The US fashion house Michael Kors has announced that it will no longer use fur in its collections. Production of current designs using fur, such as coyote and rabbit, will be phased out by the end of 2018, the brand has confirmed.
This new model will also apply to the luxury footwear brand Jimmy Choo, which was acquired by Michael Kors Holdings this year.
“Due to technological advances in fabrications, we now have the ability to create a luxe aesthetic using non-animal fur,” said the brand’s eponymous designer, referring to alternative materials that look and feel like leather and animal fur but are made from synthetic fibres. “We will showcase these new techniques in our upcoming runway show in February.”
The news comes six months after Kors was heckled by anti-fur protesters as he gave a speech on stage at New York’s Metropolitan Museum of Art. Several protesters got on to the stage and encircled the designer, making sounds of animals being tortured and shouting at him for using fur.
His brand’s history of using fur stretches back a long way, and has provoked frequent demonstrations from protest groups, from holding placards outside his fashion shows to storming his New York shops.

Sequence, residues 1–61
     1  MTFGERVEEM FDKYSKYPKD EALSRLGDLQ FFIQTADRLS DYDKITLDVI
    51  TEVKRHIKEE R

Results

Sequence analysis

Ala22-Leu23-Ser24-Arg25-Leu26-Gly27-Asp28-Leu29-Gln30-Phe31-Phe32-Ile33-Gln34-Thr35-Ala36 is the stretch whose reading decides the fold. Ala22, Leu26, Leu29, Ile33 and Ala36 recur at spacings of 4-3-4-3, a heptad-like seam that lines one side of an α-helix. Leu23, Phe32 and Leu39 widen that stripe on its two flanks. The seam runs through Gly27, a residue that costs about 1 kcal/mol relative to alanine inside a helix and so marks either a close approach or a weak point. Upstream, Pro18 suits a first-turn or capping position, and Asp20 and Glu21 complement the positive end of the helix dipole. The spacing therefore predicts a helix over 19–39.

Peta (People for the Ethical Treatment of Animals ) issued a statement welcoming the news. “This is a wonderful holiday gift for fur-bearing animals,” said the organisation’s senior vice-president, Dan Mathews. “We’re pleased that the company is evolving away from using fur and look forward to working with it on other issues in the future.”
The fashion house follows in the footsteps of Gucci, which announced in October that it was becoming a part of the Fur Free Alliance, an international group of more than 40 organisations that campaigns on animal welfare and promotes alternatives to fur in the fashion industry.
Stella McCartney, which like Gucci is owned by the Kering group, has been one of the most high-profile advocates of fur-free fashion, having committed to never use animal products in her collections since she set up her brand, and instead to invest in the kind of technological fabric innovations that Michael Kors now looks to employ.
guardian.co.uk © Guardian News & Media Limited 2010